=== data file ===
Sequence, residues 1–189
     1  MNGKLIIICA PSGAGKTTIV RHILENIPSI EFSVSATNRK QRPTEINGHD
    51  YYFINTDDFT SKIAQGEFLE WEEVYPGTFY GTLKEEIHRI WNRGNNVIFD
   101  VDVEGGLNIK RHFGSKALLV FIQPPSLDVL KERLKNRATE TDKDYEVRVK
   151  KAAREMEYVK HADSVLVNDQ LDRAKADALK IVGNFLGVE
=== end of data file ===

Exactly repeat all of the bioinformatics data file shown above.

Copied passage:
Sequence, residues 1–189
     1  MNGKLIIICA PSGAGKTTIV RHILENIPSI EFSVSATNRK QRPTEINGHD
    51  YYFINTDDFT SKIAQGEFLE WEEVYPGTFY GTLKEEIHRI WNRGNNVIFD
   101  VDVEGGLNIK RHFGSKALLV FIQPPSLDVL KERLKNRATE TDKDYEVRVK
   151  KAAREMEYVK HADSVLVNDQ LDRAKADALK IVGNFLGVE